Research

This category contains 890 posts

Interview with Laurel Haak of ORCID: Supporting the Efforts with Membership and Integration

As ORCID comes close to reaching it’s goals for registrations, the organization is not yet financially stable. Laurel Haak, executive director of ORCID, answers questions about where they are at and what is coming for users and members. Continue reading

Cascades and Volcanoes — Are the Problems of Science in Public Discourse Getting Worse?

Hysteria over a supervolcano leads to speculation about the eruptions of misinformation all around us. And, why exactly are we seeing so many recycled news stories in social media these days? Continue reading

When Crises Collide: The Tension Between Null Results and Reproducibility

Reproducibility of research results, and the lack of availability of negative results have both been deemed “crises” for the research community. But proposed solutions for each seem at odds with one another. Continue reading

Well, Blow Me Down — A Tale of Spinach, Citations, Nutrition, Epistemology, and Cognitive Ease

More and more studies are emerging showing how misdirecting and expanding citations can lead to long-term misconceptions and mistaken belief systems in the sciences. Continue reading

Have You Looked At This? Vox.com

An overview of Vox, a news site designed around current technology and information trends offers a fresh set of design choices worth considering. Continue reading

Instruction Junction — The Ballooning Lists of Editorial Policies, and the Burdens They Create

Long “Instructions to Authors” filled with ancillary policies and undifferentiated requirements don’t help authors, staff, or editors. As the graveyard for unmade decisions, they’ve only gotten longer and more opaque. Maybe it’s time to clean yours up! Continue reading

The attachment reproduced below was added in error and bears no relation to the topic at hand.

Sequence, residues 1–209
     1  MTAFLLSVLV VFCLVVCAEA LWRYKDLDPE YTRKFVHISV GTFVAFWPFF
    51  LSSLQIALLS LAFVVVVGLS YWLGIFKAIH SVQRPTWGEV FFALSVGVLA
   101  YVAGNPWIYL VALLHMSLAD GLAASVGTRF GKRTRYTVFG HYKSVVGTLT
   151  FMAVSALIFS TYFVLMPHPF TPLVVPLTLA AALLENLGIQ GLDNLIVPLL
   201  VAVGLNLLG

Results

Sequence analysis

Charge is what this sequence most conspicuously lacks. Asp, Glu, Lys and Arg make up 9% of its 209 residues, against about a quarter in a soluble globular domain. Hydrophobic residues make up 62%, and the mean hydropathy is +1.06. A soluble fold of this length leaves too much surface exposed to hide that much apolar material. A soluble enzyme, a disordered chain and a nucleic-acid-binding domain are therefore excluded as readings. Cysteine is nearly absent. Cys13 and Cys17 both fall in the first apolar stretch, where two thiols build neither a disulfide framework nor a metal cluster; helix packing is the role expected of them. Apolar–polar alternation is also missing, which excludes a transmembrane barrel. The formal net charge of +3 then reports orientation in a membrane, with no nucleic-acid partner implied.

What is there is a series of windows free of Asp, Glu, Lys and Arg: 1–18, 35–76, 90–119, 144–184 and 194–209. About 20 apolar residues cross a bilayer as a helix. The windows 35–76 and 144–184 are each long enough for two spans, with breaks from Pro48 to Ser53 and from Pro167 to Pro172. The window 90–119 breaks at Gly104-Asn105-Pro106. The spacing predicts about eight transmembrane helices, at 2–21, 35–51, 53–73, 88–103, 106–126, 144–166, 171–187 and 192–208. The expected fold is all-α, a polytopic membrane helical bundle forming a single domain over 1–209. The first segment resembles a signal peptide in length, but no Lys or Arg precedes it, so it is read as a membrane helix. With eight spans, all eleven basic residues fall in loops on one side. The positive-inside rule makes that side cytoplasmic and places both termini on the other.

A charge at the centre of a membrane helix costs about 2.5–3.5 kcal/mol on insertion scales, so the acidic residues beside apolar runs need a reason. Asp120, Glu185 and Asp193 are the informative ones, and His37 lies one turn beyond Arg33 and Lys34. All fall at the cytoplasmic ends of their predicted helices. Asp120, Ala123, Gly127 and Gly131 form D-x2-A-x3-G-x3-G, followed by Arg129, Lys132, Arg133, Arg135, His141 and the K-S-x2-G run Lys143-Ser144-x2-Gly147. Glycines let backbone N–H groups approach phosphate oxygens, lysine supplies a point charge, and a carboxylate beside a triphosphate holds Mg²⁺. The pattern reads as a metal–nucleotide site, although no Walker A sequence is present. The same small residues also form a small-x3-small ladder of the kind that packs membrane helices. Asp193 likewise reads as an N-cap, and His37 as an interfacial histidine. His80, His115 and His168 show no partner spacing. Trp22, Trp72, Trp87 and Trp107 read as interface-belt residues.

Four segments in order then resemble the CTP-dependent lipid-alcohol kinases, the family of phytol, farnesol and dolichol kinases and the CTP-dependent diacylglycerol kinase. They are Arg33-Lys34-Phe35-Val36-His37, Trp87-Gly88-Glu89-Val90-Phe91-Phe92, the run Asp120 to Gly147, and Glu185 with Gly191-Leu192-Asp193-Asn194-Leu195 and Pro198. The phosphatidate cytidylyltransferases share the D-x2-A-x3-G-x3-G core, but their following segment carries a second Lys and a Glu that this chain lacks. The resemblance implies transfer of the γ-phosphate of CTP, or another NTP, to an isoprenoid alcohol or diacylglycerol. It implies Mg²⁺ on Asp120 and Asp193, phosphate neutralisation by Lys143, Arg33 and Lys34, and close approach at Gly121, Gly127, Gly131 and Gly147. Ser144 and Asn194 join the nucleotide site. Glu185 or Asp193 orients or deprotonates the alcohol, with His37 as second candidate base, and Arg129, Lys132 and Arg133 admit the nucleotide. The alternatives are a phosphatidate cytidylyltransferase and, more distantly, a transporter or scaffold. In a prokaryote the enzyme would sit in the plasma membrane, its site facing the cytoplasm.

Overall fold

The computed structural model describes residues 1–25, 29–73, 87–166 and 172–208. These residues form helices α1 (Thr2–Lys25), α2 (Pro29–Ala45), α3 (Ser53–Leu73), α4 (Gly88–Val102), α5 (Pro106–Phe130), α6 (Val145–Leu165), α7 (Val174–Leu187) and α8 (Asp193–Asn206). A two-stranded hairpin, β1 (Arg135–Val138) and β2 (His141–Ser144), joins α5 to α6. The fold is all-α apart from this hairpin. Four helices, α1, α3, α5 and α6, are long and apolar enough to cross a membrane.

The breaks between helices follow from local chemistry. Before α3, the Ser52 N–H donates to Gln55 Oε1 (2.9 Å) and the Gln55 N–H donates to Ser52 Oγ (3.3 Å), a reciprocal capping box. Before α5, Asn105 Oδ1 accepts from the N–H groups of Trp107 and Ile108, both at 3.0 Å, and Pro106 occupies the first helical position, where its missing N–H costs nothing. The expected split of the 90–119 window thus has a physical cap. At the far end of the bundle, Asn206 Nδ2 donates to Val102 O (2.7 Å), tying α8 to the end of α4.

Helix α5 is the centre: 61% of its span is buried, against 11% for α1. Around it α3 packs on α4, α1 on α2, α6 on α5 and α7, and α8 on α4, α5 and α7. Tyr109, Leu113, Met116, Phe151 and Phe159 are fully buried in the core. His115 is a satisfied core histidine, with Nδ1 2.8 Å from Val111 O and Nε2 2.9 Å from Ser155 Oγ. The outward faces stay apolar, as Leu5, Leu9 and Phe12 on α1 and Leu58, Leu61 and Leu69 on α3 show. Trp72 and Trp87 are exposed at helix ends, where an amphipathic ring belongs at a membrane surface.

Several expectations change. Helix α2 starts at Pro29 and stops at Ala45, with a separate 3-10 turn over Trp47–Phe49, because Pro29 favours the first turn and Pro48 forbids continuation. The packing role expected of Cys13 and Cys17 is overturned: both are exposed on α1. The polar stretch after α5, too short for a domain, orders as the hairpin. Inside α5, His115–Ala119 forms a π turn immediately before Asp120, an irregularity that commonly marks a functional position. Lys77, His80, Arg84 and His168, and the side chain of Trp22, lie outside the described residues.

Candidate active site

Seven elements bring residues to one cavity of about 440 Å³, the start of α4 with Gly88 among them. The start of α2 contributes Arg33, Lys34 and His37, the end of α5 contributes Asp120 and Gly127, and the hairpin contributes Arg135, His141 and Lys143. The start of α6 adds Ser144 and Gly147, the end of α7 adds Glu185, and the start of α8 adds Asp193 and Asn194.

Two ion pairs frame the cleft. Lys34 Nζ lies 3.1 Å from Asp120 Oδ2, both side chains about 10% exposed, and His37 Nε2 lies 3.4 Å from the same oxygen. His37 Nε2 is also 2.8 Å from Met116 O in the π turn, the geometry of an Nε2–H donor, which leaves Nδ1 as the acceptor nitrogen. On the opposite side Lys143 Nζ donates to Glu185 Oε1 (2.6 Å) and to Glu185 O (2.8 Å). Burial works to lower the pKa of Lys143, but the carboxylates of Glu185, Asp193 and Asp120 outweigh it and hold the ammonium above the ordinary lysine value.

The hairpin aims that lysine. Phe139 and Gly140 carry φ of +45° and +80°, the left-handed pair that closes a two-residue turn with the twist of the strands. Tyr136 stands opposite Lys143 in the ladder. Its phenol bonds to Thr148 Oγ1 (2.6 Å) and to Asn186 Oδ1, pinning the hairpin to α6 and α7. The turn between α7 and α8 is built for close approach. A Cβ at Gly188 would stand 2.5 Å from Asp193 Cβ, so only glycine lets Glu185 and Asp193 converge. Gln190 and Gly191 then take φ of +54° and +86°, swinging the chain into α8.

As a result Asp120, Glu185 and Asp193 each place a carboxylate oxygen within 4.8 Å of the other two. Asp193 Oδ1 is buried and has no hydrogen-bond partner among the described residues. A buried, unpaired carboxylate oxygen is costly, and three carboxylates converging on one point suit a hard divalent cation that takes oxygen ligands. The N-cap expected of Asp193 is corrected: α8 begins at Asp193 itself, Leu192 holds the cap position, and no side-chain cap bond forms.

Interview with Gordon Nelson — Public Access Policies, Open Access, and the Viability of Scientific Societies

An interview with the President of the Council of Scientific Society Presidents, on the unintended and potentially damaging consequences of public and open access mandates and embargoes. Continue reading

The Mystery of a “Partial” Impact Factor

The lack of an Impact Factor is one reason that new journals have difficulty attracting submissions. Some journals, such as eLife and Cell Reports, qualify for an Impact Factor based on partial data. This post explores how that happens. Continue reading

An Interview with Amy Brand on a Proposed New Contributor Taxonomy Initiative

We’ve got DOIs (digital object identifiers) to help identify research articles, images, and other digital objects, and ORCIDs (Open Researcher and Contributor IDs) to help disambiguate the authors of those objects. Now there’s a new initiative to create a contributor taxonomy that identifies who’s done what in the creation of published research – find out more in our interview with Amy Brand, one of the brains behind the concept. Continue reading

How Much Does It Cost eLife to Publish an Article?

Adding to the discussion of APCs, eLife’s financials suggest that being competitive with some major journals means the journal is expensive to run. Continue reading

Side Dishes by Stewart Wills

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The mission of the Society for Scholarly Publishing (SSP) is "[t]o advance scholarly publishing and communication, and the professional development of its members through education, collaboration, and networking." SSP established The Scholarly Kitchen blog in February 2008 to keep SSP members and interested parties aware of new developments in publishing.
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The Scholarly Kitchen is a moderated and independent blog. Opinions on The Scholarly Kitchen are those of the authors. They are not necessarily those held by the Society for Scholarly Publishing nor by their respective employers.
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